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ARSCLIST  February 2006

ARSCLIST February 2006

Subject:

Re: 1/4" audio tape digitizing

From:

"Richard L. Hess" <[log in to unmask]>

Reply-To:

Association for Recorded Sound Discussion List <[log in to unmask]>

Date:

Sun, 12 Feb 2006 19:13:52 -0500

Content-Type:

text/plain

Parts/Attachments:

Parts/Attachments

text/plain (56 lines)

At 05:54 PM 2/12/2006, Michael Shoshani wrote:
>Jeffrey Kane <[log in to unmask]> wrote:
>
>How does that affect the frequency response, though?
>
>I mean, theoretically...let's say you have a machine whose high end
>tops out at 25 kHz.  You have a tape whose highest frequency is 22
>kHz. If you play that tape at twice its speed, I should think that the
>high frequency now tops out at 44 kHz while the machine itself is
>still limited to 25 kHz, rather destroying any nuances in that 22 kHz
>sound once it's been brought back down to normal playing speed.
>
>Or is my math severely off? (This is something I have wondered about
>for years concerning high-speed tape duplication...)

The original post was about spoken word recordings. I responded to 
that with what I do with normal audio tape machines--that go out to 
30-35 kHz at the higher speeds (a Sony APR-5000 test report that came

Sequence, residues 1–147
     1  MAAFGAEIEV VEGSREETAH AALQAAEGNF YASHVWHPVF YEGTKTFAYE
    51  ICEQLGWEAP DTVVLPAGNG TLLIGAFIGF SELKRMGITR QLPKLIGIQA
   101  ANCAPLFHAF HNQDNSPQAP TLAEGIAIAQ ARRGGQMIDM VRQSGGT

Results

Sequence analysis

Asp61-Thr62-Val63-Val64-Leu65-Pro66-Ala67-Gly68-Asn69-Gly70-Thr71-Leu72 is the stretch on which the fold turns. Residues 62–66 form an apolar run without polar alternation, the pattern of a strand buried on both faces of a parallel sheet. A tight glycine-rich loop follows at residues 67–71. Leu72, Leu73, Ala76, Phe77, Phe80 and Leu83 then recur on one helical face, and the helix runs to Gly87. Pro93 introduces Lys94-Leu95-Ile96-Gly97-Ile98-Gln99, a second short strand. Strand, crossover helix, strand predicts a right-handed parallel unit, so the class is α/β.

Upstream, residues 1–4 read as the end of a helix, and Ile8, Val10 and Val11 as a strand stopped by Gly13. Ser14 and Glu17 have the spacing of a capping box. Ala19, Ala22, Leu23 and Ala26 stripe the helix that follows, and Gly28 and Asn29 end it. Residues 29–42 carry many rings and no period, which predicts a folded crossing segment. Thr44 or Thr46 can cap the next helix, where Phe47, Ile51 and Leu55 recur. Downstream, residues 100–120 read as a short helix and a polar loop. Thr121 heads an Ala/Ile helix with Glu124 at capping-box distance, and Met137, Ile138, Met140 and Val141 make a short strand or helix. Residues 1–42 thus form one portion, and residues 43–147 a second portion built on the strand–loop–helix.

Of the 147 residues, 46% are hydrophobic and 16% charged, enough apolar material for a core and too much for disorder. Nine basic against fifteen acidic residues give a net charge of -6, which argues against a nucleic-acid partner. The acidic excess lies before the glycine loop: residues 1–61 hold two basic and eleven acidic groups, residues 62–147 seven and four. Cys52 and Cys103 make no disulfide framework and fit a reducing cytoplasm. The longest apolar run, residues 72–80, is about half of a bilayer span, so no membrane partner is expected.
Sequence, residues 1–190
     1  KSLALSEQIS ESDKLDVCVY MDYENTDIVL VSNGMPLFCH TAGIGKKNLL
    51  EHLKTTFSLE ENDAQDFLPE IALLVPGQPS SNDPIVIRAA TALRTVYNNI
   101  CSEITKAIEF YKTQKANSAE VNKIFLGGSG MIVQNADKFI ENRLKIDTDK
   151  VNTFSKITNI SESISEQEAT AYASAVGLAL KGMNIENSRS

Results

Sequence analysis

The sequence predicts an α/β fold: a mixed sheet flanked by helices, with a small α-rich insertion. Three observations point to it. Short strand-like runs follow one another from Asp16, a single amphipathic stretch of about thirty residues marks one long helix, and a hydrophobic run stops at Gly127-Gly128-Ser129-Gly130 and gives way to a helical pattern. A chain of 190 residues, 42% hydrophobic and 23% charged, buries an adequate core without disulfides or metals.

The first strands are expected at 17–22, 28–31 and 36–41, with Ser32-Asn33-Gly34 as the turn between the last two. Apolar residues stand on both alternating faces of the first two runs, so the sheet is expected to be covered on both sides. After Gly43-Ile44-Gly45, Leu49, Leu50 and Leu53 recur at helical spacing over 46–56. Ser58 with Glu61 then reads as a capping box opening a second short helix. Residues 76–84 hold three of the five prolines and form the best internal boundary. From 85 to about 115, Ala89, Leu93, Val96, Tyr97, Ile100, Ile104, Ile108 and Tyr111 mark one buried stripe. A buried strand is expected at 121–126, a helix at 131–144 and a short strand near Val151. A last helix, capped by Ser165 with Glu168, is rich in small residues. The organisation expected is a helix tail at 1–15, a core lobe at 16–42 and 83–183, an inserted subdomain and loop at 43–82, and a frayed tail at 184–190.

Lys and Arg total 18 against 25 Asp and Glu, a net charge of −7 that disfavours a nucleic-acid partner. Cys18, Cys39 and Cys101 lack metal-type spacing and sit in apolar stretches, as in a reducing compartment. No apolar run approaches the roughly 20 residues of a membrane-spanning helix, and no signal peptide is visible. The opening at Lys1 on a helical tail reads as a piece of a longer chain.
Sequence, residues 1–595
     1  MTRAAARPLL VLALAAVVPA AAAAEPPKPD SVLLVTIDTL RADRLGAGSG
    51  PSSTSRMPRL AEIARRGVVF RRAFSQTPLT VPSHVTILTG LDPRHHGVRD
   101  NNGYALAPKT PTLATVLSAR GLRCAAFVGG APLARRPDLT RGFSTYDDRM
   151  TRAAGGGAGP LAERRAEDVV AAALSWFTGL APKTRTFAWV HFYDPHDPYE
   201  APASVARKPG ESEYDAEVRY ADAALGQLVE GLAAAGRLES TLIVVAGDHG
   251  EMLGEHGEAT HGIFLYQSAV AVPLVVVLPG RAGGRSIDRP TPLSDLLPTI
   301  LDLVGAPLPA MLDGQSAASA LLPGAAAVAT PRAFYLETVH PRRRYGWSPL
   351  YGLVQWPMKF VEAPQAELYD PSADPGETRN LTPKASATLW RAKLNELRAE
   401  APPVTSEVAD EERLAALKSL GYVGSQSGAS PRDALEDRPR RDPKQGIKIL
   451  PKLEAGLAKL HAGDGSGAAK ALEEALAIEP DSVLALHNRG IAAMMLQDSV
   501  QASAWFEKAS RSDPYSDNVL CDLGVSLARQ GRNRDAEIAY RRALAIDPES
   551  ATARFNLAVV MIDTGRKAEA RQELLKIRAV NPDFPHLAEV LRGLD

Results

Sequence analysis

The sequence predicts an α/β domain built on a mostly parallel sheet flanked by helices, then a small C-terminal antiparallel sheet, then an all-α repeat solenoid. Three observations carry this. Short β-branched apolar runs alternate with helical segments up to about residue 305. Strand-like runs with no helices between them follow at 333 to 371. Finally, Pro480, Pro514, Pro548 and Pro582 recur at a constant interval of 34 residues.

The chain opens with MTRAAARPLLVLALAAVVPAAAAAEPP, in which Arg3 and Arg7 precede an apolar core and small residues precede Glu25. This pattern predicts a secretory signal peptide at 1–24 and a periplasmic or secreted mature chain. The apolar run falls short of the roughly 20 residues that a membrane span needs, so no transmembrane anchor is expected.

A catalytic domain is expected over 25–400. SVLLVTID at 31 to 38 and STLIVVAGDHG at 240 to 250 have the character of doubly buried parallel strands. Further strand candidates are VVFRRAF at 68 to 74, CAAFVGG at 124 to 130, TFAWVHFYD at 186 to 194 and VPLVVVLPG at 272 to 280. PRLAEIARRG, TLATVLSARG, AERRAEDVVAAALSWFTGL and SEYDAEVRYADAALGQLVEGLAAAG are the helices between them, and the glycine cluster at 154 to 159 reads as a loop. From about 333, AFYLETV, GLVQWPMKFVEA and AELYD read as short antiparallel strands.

in one of my manuals shows -1.5 dB at 27 kHz at 30 in/s).

An instrumentation recorder can go out to 100 kHz or more.

Duplicators were designed to work at the higher frequencies. They 
were not normal tape recorders. Sadly, most of them are now in 
landfills. Few have been preserved as they're mostly recorders and 
usually an oddball player (like a 1/2" tape or a bin loop.)

I was thinking of 2x reproduction to speed things along. For 
voice-grade oral-history type recordings, 2x is certainly fine using 
the machines we've been talking about, as there probably isn't much 
information past 10 kHz on the original. I just checked a couple of 
originals and there didn't seem to be much energy past 10 kHz and 
what's there is often noise and noise modulation.

I have done some work at 4x where I had a 15/16 in/s 4-track cassette 
and only a 3-3/4 in/s player...it worked OK. The transfer process 
wasn't the worst that had already happened to the tape by a long shot.

Given good pro tape machines and oral-history content, you might be 
able to go up to 4x, but that would be the limit. I was thinking 2x. 
But if you ingest both sides in one pass, then that gains you another 2x.

An approach I'm working on is four transfers in real time for 
cassettes with monitoring each cassette for audible problems out four 
of the five identical speakers in my studio. I think this is 
preferable to speeding up the process...and who wants to modify Dragons.

Cheers,

Richard

Richard L. Hess                   email: [log in to unmask]
Vignettes Media                   web:   http://www.richardhess.com/tape/
Aurora, Ontario, Canada       (905) 713 6733     1-877-TAPE-FIX
Detailed contact information: http://www.richardhess.com/tape/contact.htm  

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